What's that Weed? Creeping Thistle

June 18, 2018

Type: Creeping Thistle is an herbaceous perennial weed with sharp, prickly leaves (sometimes with lilac-pink flowers) that emerges in early June and can infest landscapes throughout the U.S. through late October.  A member of the Asteraceae family of thistles, this weed can spread rapidly via its highly aggressive spreading root system, or its ability to scatter thousands of seeds in a short time. 

            

Where It Grows:  Native to Europe and Asia, this weed has been widely introduced to most of the globe.  In the eastern U.S., it dominates north of the Ohio River and the Mason-Dixson line (with exception to West Virginia, where it is has also become well-established).   West of the Mississippi River, Creeping Thistle has spread across most of the United States with exception to the southern Great Plains.

Creeping Thistle is the most common thistle species in the U.S.  It prefers recently disturbed/cultivated grounds (such as vegetable gardens), road side and field edges, and other patches of relatively barren soil. Barren patches of turf provide an ideal germinating for wind-dispersed thistle seeds.   The best defense against a creeping thistle invasion is a dense, well-established turf.

How to Identify:  Creeping Thistle consists of tiny pink/lilac florets which comprise a larger flower head.  Each complete head sits atop a spiny bract (a circular arrangement of leaf-like tissues at the apex of the stem).  Its slender green stem ranges anywhere from 30 to 150cm tall.  Its spiny leaves alternate around the stem, topping out around 20cm in length.  Regularly mowed turf is unlikely to see this weed in the flowering stage, however Creeping Thistle is notorious for its spiny leaves which can leave a painful prick. 

Growing Season:  Creeping Thistle tends to emerge from the soil in early June, with its bright purple flowers dominating roadside landscapes by mid-July. When large stands of this weed begin to seed, the flower heads take on a dense cotton-like appearance.   A burst of wind can send thousands of seeds into the air in a matter of seconds.  Creeping Thistle continues growing and flowering through October.

How To Manage:  There are two ways to remove Creeping Thistle, hand removal or herbicide. You can hand remove Creeping Thistle from gardens or lawns using thick gloves to avoid their prickly leaves. However, since Creeping Thistle produces an extensive root network so you need to assure all roots have been successfully removed to avoid re-establishment (even traces of roots can lead to new thistle shoots). Each individual plant can send up multiple shoots, giving the appearance that there are many more individual plants than in reality. In addition, when removing by hand you want to avoid spreading the flower's light fluffy seeds. In order to prevent germination of thistle seeds, make sure any large thistle stands are removed before flowering. Creeping Thistle seeds can quickly be blown to other areas of your landscape and rapidly take over. Once removed, throw the weed away and do not try to compost them because traces of roots or seeds will quickly establish new plants.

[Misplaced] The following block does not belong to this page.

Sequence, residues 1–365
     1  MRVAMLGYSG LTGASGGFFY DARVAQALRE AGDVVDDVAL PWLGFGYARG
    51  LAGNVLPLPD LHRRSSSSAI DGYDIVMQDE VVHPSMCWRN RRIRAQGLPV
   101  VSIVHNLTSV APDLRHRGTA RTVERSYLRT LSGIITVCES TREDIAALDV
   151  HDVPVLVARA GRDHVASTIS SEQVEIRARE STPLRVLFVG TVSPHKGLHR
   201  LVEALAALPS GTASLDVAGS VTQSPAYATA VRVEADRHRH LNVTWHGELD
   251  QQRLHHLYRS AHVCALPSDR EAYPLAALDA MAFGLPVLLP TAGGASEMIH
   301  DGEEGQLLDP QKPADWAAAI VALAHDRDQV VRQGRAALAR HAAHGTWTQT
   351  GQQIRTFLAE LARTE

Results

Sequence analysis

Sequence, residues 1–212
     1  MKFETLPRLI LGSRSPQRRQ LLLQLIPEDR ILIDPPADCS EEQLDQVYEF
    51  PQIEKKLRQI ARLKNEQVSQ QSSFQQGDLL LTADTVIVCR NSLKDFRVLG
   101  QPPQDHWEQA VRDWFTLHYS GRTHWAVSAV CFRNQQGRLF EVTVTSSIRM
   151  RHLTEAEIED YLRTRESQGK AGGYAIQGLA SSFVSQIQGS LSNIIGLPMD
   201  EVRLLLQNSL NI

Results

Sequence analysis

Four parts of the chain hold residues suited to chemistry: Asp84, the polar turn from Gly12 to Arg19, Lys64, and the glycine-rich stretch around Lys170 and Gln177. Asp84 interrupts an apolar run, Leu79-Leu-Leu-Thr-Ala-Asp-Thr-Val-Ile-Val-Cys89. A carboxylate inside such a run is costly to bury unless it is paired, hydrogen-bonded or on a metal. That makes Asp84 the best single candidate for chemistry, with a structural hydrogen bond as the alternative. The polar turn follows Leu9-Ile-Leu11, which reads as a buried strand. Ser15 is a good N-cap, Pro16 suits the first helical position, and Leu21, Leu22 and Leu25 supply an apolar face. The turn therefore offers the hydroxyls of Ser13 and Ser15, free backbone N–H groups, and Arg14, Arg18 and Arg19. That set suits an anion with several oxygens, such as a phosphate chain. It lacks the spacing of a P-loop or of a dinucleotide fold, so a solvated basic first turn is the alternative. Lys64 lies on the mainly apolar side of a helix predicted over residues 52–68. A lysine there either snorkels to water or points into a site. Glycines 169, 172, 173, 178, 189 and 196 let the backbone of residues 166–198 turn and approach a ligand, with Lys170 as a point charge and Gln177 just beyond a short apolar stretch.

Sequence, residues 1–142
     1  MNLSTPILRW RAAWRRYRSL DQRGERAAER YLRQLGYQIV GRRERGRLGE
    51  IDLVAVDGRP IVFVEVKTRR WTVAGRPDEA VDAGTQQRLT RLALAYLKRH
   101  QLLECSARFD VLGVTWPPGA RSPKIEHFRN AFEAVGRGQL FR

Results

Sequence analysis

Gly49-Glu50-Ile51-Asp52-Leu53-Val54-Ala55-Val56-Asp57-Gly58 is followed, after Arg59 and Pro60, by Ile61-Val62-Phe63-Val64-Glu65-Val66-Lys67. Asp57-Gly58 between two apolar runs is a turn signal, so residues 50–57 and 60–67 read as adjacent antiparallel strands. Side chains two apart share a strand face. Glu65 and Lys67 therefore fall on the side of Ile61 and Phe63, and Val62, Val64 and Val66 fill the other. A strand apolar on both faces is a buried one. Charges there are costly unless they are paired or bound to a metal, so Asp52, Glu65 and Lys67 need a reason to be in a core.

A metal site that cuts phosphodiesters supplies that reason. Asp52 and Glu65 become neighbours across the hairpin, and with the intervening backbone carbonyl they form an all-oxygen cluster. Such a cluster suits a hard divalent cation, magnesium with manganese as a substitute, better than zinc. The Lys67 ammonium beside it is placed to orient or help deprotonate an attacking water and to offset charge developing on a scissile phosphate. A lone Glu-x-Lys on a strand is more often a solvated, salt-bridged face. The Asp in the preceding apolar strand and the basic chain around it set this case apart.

If herbicides are the preferred method of removing Creeping Thistle, apply when the weed is actively growing in the spring or early fall.  You can use a broad-spectrum herbicide that will not damage trees or other ornamentals in a shared root zone (such as 2,4-D MCPA, Triclopyr or Dicamba) or a non-selective herbicide (glyphosate) when you can safely target the weed directly.  In most cases, apply the herbicide in a heavier than normal concentration, as Creeping Thistle has a root network often larger than its above ground shoot mass and multiple treatments may be necessary.  Once applied, DO NOT mow or cut back the thistle in any way; allow the herbicide to absorb into the shoot tissue so that it may be transported down to the roots. 

Prevention: Creeping Thistle typically thrives in low fertility soils so amending the soil and improving the environment for your preferred plants and turf can reduce its appearance. You can also avoid this weed by applying a pre-emergent herbicide/fertilizer application in the early spring that will prevent it, or any thistle species, from taking hold of your lawn throughout the season.

Check out TurfCare's catalog of professional turf products to view the pre emergent or post emergent herbicides and soil amendments available.

IMAGE URLs:

http://uk.dowagro.com/wp-content/uploads/2014/03/creeping-thistles.jpg

http://newfs.s3.amazonaws.com/taxon-images-1000s1000/Asteraceae/cirsium-arvense-fl-ahaines-a.jpg

http://bugwoodcloud.org/maps/eddmapscounty/2792.jpg

http://image2.gardenersworld.com/image.jpg?tag=d0ecc140-f2e7-4812-87f9-c318299e0790

http://wynnstaydairy.uk/get-tough-with-thistles/

  

References:

http://homeguides.sfgate.com/control-creeping-thistle-24281.html

http://www.wildlifetrusts.org/species/creeping-thistle

https://www.uaf.edu/files/ces/cnipm/k12/webinars/Creeping%20thistle%20management.pd

http://www.organicresearchcentre.com/manage/authincludes/article_uploads/1716-thistle.pdf

https://www.wyevalegardencentres.co.uk/tips-and-advice_how-to-control-creeping-thistle

https://www.wikihow.com/Get-Rid-of-Thistles

 

 

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